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Playwright Calls a Well-Timed 'Meeting' : Race: Tensions examined in "Mr. Rickey Calls a Meeting," about black players entering major-league baseball, contain some eerie echoes to L.A.'s anger.


SAN DIEGO — Tony Gwynn. Darryl Strawberry. Rickey Henderson.

Today, we take black athletes for granted, much as we take integrated schools and public facilities for granted.

But it's been only 45 years since Jackie Robinson became the first black to play major league baseball when he took the field for the Brooklyn Dodgers.

Brooklyn-based playwright Ed Schmidt looks at Robinson and Branch Rickey, and the pact they made in "Mr. Rickey Calls a Meeting." The show, which sets up a fictitious 1947 meeting between the historical figures of Robinson, Rickey and then-famous black figures Paul Robeson, Joe Louis and Bill (Bojangles) Robinson, has its West Coast premiere Saturday at the Old Globe's Cassius Carter Centre Stage.

But this is not an aren't-we-glad-things-are- happy-now baseball show.

Schmidt's play is less about sports than it is about how these men felt about a system in which a white man held the power to give Robinson the chance he craved. And how he held that power on his terms as he made the decisions that would change their lives.

The issue of empowerment, justice and racial inequity is still a hot issue--as evidenced by last week's Los Angeles violence after the acquittals of the policemen who beat Rodney King.

It made for some tense moments during rehearsals, Schmidt concedes, in part because Schmidt is white in a room of black artists who don't want him to tell them how they are feeling.

"I made the comment a few weeks ago that there's tension and uncomfortableness in this 1992 room," Schmidt said. "I have had to step back and essentially step out of the room (as Mr. Rickey does in the play) and let them do their work, and let the director and the actors take over because they feel it in the gut much more than I do.

"It's fascinating how the play mirrors what's going on in the rehearsal room and how that mirrors what's going on 100 miles north."

It's also fascinating how such hot issues sell tickets.

At a time when most theaters in San Diego are having trouble filling seats, the Old Globe already has nearly sold out 20 performances of a 59-show run.

All this for a 29-year-old unknown playwright and a brand-new play.

Not really.

All this is for Jackie Robinson. And Branch Rickey, the Dodgers president and general manager. And a desire to understand how far America has come in racial equality and how far we have to go. Even in baseball, 45 years later, only a handful of managers, coaches, executives or owners are black.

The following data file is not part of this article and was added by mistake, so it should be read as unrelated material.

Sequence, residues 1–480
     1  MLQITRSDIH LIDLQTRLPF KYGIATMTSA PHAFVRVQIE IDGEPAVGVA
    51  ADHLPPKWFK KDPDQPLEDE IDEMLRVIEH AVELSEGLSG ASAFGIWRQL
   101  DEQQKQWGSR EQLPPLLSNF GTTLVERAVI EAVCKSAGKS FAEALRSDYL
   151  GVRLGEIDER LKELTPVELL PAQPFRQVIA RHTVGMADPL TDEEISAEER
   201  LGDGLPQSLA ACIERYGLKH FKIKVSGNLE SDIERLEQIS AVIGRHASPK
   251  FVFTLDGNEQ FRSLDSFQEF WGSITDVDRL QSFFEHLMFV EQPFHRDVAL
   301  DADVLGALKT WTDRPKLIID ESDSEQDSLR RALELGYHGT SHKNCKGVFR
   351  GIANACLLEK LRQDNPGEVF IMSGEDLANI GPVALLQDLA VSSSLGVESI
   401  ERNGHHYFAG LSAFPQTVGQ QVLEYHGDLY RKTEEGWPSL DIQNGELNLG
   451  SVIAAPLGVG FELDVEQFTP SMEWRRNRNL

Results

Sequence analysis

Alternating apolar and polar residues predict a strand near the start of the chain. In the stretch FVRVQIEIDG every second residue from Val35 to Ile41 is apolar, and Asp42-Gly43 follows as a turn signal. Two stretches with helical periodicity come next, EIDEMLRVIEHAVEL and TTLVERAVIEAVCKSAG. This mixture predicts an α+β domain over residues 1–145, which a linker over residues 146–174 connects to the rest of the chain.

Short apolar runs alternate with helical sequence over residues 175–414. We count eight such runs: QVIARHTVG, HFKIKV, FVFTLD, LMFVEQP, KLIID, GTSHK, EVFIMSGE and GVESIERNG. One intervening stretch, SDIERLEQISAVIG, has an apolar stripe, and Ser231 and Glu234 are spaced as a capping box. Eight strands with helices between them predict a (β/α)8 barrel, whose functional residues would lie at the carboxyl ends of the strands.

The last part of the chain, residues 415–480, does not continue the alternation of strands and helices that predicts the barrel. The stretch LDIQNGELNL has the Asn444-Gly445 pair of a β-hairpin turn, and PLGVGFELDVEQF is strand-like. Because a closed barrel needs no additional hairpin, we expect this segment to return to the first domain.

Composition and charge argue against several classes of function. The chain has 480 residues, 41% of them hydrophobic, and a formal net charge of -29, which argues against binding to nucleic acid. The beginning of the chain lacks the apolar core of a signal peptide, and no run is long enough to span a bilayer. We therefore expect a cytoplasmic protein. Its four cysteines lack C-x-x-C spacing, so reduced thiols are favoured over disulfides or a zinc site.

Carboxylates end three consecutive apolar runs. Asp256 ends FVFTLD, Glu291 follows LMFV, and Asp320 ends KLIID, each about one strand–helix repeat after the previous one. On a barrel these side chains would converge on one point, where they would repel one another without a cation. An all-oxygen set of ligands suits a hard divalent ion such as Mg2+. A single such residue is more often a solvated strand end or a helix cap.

Schmidt insists that no one is an all-good guy in his play. And no one is an all-bad one. And probably no one will agree with any of his depictions--exactly--but they will undoubtedly excite a fair amount of discussion and debate.

For Red Barber, who broadcast Brooklyn games before, during and after Robinson was signed, Rickey was a hero.

"He went against his family and all of baseball. He did it while Martin Luther King Jr. was in high school," Barber said from his home in Tallahassee, Fla.

"He could have wrecked the Brooklyn ballclub, but he made it go. He took the heat. Nothing would have happened for Jackie Robinson except for Mr. Rickey."

Barber acknowledges that not everyone liked Rickey, that some people called him a skinflint and others a hypocrite. It could be that he thought signing a black ballplayer was just a good business move. Bringing in Robinson, he may have figured, would lead to tapping more talent from the National Negro Baseball League and prove the path to a pennant. But Barber appreciated the resistance Rickey would be up against because Barber himself was so shook up when Rickey told him he intended to sign a black ballplayer.

Barber was born in 1908 in Columbus, Miss., and grew up in Sanford, in central Florida, where everything was segregated. When Robinson was signed, Barber wasn't sure he could overcome his upbringing and broadcast the game. But he did it--never once referring to the color of Robinson's skin.

And gradually, Barber underwent a revolution in his own thinking. That revolution may well have mirrored much of white America as it began to enjoy watching Robinson and later, other black athletes, play.

"As they said in 'South Pacific,' 'You've got to be carefully taught,' " Barber said. "But I got to thinking that I had no choice to the color I was born to--white or black. That was the beginning of my thinking."

Barber never covered the Negro League, which began in 1920 and dissolved in 1950. He expressed admiration for Robinson, but not surprisingly, retired Negro League players talk less about Rickey and more about the quiet heroism of Robinson and other Negro League players.

One term of the deal Rickey struck with Robinson was that, for his first three years as a Brooklyn Dodger, he would turn the other cheek when insulted or assaulted.

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